A Tree-Walk Interpreter
With this part, we begin jlox, the first of our two interpreters. Programming languages are a huge topic with piles of concepts and terminology to cram into your brain all at once. Programming language theory requires a level of mental rigor that you probably haven’t had to summon since your last calculus final. (Fortunately there isn’t too much theory in this book.)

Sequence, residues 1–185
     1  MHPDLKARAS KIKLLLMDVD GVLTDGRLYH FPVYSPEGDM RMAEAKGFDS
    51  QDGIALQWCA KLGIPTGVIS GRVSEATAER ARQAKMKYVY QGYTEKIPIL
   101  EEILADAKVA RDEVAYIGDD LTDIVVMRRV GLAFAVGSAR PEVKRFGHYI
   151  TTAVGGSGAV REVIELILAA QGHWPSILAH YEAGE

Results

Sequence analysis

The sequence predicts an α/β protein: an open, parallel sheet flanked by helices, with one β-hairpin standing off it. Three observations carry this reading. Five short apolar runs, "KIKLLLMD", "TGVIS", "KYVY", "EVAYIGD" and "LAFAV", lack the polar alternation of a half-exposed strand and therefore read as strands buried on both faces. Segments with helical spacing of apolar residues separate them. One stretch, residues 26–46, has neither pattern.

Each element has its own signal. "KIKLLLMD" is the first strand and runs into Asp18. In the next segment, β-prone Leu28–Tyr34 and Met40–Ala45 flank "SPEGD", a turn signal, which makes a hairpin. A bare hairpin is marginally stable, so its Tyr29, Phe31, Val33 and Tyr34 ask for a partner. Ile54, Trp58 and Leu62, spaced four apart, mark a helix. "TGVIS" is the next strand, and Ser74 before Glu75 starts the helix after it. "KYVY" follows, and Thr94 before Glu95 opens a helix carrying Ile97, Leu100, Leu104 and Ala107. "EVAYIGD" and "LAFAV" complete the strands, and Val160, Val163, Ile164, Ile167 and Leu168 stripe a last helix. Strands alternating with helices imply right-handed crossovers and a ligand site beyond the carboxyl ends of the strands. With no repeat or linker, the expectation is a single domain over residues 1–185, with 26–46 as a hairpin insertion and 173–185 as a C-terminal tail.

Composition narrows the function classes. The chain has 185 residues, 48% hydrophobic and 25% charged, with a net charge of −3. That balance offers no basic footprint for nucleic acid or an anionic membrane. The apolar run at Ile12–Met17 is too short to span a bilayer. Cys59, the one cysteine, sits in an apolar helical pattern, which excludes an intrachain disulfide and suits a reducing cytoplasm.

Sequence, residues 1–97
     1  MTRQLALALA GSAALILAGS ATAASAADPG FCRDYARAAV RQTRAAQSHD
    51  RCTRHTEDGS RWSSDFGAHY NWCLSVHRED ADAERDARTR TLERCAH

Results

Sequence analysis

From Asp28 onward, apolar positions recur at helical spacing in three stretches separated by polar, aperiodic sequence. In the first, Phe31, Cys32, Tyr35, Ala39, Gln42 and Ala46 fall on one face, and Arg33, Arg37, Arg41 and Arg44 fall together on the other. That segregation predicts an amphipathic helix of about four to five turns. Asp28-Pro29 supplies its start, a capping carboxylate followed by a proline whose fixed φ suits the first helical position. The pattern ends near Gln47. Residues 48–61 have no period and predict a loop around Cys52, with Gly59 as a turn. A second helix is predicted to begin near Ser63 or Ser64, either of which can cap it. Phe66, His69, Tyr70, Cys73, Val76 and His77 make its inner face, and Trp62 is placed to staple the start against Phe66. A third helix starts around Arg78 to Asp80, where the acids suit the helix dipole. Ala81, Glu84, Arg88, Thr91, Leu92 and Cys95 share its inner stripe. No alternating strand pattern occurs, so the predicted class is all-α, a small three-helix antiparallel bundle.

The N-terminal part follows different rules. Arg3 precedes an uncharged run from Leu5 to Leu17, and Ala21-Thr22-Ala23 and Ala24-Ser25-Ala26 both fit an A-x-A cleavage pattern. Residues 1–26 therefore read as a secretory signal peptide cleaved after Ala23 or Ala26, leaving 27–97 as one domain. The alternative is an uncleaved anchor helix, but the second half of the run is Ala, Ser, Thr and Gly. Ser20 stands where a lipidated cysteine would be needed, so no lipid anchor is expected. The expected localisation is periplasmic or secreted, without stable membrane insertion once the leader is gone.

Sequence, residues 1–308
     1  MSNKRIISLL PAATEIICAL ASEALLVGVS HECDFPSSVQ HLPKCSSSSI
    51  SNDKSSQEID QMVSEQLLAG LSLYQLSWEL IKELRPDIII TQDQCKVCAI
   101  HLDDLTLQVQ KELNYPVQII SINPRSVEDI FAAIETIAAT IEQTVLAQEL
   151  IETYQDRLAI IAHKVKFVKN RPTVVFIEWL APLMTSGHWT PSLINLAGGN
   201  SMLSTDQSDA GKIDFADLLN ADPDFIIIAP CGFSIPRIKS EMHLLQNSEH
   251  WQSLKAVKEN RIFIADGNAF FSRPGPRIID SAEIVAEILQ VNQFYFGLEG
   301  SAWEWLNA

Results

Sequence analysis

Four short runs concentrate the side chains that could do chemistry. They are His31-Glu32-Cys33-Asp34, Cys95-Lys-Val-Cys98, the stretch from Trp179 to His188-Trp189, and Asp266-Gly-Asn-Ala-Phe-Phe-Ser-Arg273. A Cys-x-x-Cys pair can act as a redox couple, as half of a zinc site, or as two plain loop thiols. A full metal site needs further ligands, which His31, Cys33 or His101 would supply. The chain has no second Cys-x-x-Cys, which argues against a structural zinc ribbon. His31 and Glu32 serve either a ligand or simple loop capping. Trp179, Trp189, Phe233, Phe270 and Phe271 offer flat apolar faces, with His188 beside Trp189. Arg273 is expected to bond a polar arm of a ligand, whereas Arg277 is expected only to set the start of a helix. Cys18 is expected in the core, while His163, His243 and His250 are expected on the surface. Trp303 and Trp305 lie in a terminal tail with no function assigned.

Implementing an interpreter uses a few architectural tricks and design patterns uncommon in other kinds of applications, so we’ll be getting used to the engineering side of things too. Given all of that, we’ll keep the code we have to write as simple and plain as possible.
In less than two thousand lines of clean Java code, we’ll build a complete interpreter for Lox that implements every single feature of the language, exactly as we’ve specified. The first few chapters work front-to-back through the phases of the interpreter—scanning, parsing, and evaluating code. After that, we add language features one at a time, growing a simple calculator into a full-fledged scripting language.